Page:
The addition of one triplex per block would have negligible neighborhood impact and help meet Seattle Mayor Ed Murray’s goal of 50,000 new housing units.
I’M a literal kind of guy, so I was struck by something Seattle City Council District 5 candidate-elect Debora Juarez said: “While I support increasing the diversity of the housing stock in these zones by encouraging mother-in-law apartments and backyard cottages, I don’t think that building triplexes on every block is going to significantly alleviate our housing affordability crisis.”
I was interested in the image of “triplexes on every block” and wondered if, literally, one triplex on every block would be significant.
So I thought, “OK, let’s do the math.”
According to the City of Seattle, there are 15,740 blocks in single-family zones. (The city defines one block as having two “block faces.”) That would mean 15,740 lots on which to build a triplex.
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But let’s further assume that most lots already have a house on them. So each triplex would add two additional units per block.
So by multiplying 15,740 lots by two, you’d have 31,480 additional housing units. That’s the power of a small change, and allowing one triplex per block could add a significant number of new homes to Seattle.
Such a small change as “one triplex per block” would go a long way to Mayor Ed Murray’s goal of adding 50,000 new housing units in the next decade.
More important, one triplex per block would have invisible neighborhood impacts. That’s a bold statement, so why do I offer it?
There are only two neighborhood impacts of any importance:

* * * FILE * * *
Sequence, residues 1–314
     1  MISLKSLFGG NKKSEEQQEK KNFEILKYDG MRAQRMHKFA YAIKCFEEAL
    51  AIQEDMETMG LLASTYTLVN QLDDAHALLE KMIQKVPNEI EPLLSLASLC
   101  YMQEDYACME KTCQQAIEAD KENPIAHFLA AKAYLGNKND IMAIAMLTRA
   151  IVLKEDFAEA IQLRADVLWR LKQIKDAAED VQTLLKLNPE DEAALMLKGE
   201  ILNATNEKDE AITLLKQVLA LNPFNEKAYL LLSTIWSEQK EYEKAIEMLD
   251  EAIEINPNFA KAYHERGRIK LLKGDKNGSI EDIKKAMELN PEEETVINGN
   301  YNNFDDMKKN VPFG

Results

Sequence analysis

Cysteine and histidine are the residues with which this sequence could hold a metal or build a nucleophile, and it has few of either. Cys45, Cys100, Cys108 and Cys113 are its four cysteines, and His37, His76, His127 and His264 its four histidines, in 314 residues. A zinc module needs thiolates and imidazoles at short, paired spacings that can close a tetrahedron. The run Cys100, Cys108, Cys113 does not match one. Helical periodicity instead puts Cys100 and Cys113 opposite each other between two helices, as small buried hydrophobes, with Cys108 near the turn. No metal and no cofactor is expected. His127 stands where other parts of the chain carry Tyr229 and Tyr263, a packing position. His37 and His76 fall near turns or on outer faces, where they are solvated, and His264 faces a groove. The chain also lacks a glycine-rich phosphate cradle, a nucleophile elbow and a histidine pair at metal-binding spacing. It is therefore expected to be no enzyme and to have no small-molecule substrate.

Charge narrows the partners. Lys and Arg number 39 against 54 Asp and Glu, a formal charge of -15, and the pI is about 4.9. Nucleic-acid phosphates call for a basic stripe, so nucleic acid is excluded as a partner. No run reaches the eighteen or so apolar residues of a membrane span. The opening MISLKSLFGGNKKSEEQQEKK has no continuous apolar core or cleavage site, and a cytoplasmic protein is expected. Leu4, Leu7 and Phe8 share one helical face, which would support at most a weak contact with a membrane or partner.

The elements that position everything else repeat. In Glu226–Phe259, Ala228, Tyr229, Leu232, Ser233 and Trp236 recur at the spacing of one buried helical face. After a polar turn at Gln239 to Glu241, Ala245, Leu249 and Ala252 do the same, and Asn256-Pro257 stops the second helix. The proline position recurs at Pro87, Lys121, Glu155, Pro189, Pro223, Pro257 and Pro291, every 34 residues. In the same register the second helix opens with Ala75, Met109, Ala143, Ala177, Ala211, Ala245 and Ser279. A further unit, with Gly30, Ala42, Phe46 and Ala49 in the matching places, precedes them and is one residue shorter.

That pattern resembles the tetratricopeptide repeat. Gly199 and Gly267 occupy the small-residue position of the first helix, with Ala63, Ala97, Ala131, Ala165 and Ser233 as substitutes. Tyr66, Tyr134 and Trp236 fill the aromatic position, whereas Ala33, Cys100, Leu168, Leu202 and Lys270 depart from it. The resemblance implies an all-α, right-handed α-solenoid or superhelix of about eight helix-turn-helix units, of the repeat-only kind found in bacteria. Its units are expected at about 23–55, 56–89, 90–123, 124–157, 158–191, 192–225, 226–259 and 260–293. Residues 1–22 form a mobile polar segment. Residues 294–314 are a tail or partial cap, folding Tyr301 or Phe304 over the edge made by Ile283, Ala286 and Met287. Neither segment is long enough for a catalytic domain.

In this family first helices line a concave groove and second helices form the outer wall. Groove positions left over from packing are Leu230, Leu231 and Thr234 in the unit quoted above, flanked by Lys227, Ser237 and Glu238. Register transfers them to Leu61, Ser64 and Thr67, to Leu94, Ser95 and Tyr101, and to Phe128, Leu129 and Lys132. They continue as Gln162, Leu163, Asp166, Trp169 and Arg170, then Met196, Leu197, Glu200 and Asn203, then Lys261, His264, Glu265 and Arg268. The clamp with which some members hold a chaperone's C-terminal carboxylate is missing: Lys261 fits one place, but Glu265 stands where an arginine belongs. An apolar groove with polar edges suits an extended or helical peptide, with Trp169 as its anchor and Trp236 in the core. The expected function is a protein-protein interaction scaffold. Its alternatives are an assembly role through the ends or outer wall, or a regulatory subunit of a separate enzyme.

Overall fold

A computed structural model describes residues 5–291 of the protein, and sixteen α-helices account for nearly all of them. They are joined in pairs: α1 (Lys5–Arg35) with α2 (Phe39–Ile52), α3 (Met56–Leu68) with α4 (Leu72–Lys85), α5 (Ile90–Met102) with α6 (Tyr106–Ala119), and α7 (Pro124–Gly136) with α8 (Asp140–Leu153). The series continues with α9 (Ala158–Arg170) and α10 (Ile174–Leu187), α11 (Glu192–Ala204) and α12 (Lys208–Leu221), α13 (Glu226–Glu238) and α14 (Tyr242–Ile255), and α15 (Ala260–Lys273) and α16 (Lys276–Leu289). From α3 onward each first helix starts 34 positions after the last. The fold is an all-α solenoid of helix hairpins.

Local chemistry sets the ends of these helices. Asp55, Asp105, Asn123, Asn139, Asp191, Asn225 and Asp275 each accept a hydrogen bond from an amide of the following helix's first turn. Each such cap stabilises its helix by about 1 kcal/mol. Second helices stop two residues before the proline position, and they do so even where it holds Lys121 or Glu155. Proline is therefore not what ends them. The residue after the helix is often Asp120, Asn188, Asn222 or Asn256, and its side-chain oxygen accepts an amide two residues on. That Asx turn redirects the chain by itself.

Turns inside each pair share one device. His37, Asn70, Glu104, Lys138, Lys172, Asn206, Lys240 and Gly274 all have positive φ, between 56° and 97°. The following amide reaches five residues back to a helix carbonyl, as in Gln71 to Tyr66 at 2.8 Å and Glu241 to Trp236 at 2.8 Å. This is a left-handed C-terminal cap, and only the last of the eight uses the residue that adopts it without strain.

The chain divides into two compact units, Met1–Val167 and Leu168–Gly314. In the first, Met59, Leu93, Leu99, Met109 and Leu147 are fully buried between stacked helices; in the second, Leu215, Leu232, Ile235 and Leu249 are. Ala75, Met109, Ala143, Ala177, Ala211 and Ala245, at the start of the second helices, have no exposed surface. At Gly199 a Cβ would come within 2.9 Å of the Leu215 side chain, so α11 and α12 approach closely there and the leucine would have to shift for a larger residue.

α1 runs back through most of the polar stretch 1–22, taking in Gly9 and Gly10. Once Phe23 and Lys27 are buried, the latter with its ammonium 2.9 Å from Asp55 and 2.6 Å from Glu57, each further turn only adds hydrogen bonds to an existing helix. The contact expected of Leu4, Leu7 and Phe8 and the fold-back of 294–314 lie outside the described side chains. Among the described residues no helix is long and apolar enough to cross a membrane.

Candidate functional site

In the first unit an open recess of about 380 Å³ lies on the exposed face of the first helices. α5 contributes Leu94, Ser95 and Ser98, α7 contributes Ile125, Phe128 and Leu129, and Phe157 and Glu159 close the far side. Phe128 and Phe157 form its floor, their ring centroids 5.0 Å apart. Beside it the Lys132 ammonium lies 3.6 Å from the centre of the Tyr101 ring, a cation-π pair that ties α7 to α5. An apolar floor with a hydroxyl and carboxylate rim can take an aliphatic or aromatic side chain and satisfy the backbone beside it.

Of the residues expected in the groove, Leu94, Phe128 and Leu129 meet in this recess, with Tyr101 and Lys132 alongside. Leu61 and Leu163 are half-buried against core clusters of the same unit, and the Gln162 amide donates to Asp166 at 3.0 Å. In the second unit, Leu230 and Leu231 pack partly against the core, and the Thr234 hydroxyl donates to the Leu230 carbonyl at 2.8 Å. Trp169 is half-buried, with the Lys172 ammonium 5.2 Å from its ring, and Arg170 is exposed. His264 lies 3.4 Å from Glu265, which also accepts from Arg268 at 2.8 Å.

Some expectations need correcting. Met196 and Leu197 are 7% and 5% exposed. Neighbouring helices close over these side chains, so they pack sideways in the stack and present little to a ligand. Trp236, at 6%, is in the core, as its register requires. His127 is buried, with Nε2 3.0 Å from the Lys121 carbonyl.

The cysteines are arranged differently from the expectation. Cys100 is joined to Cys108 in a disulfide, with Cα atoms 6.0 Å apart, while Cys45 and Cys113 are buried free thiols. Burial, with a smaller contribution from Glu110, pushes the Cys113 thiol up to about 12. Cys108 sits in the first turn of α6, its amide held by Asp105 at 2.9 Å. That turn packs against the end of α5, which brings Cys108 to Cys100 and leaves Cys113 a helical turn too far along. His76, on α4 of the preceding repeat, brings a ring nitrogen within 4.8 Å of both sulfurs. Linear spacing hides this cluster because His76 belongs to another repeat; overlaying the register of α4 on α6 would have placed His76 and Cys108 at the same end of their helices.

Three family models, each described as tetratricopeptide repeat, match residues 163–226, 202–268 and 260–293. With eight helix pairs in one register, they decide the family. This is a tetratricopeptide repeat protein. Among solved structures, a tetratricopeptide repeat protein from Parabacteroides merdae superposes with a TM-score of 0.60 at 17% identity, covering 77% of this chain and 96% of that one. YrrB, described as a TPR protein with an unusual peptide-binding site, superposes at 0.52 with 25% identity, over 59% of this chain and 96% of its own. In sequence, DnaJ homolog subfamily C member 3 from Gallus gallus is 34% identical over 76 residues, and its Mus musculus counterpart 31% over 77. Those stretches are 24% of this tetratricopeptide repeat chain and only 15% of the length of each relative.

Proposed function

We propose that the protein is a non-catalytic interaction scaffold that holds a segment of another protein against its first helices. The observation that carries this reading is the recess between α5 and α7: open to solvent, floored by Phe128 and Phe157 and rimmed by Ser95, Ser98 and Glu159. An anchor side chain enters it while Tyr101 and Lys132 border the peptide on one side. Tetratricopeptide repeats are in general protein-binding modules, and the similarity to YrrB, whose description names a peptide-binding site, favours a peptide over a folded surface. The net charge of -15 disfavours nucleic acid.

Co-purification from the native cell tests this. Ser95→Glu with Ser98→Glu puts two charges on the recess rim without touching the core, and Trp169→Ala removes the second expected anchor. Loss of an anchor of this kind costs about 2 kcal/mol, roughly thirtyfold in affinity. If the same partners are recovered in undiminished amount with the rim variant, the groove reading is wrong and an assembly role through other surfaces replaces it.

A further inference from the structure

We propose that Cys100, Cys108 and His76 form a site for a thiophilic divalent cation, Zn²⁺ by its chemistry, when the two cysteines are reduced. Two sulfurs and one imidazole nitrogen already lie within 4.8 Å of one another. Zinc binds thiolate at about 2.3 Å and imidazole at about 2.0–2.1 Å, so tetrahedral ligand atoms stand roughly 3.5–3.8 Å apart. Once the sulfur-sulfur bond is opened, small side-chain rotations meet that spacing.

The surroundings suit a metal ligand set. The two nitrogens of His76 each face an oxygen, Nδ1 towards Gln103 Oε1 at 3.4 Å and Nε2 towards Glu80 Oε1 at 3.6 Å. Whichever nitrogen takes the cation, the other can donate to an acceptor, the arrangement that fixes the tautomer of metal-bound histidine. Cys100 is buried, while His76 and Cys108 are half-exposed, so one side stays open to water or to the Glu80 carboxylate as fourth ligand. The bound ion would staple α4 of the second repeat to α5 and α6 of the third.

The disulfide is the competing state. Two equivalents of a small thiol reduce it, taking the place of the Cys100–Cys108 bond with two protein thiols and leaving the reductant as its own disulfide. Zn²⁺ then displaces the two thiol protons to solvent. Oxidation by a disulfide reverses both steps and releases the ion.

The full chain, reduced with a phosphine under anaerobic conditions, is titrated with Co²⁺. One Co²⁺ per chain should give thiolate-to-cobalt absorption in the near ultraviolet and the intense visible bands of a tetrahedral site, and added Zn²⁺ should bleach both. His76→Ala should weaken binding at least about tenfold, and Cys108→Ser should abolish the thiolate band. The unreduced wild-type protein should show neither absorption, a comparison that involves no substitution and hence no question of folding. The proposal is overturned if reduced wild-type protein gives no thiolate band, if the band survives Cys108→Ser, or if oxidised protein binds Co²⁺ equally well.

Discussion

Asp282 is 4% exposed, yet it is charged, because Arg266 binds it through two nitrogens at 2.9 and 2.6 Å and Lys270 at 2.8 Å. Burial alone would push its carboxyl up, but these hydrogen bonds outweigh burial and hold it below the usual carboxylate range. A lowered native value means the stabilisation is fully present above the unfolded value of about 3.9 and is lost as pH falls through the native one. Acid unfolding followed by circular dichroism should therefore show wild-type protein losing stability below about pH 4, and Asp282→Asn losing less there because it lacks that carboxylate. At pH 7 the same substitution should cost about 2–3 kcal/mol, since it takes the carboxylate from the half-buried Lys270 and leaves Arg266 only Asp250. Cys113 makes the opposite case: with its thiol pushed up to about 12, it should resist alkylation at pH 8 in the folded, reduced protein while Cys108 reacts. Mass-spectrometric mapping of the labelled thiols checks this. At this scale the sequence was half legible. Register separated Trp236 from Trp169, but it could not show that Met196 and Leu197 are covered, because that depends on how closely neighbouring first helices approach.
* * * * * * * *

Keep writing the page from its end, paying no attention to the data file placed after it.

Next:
• The architectural scale (envelope) of the structure
No matter how many other factors one may want to add, the real impacts that concern people are building scale and parking.
As to architectural scale, the mayor’s Housing Affordability and Livability Agenda (HALA) Committee report proposed that a triplex in single-family zones would have to be within the “building envelope” now allowed in single-family zones. That means that if you had a 3,000-square-foot house on your lot, a proposal for a new triplex could be no bigger than 3,000 square feet. It could be configured as the owner preferred, such as three 1,000-square-foot units or one 1,800-square-foot unit with two rental units of 600 square feet each. But these would all be within the “envelope” already allowed by the single-family zone.
With good design, a triplex can appear not to have three separate entrances. Neighbors and casual passers-by would not be able to tell if the house had three units or one.
As to parking, let’s make it simple and require one off-street parking space per dwelling unit. So a triplex would require three off-street parking spaces with the potential (as already allowed by the city rules) to decrease the requirement in neighborhoods that have high transit availability or bountiful on-street parking.
And here’s a crucial point: Even greater impact is already allowed in Seattle single-family zones, and we live with it. City building codes state one house is allowed to have one “household” with one parking space. A household is defined as a housekeeping unit consisting of any number of related people or eight or fewer non-related, non-transient people. And there is no owner-occupant requirement.
So one could rent out rooms in a five-bedroom house — on the large side, but by no means unusual — and there could easily be eight unrelated people living there, and each one — stated to scare you — could own one car. In fact, many single-family households own two, three or even four cars and parking overflow is absorbed on-street.
Of course this is all a thought experiment to show the potential for “cumulative impact,” but it’s done in a positive way to demonstrate that even small changes can have huge impacts.
The uniqueness of allowing just one triplex per block would encourage immediate housing development, which is what the city says it wants.
We need more opportunities to build housing and my proposal would have no discernible neighborhood impact. I urge the Seattle City Council to take up this idea for discussion and action.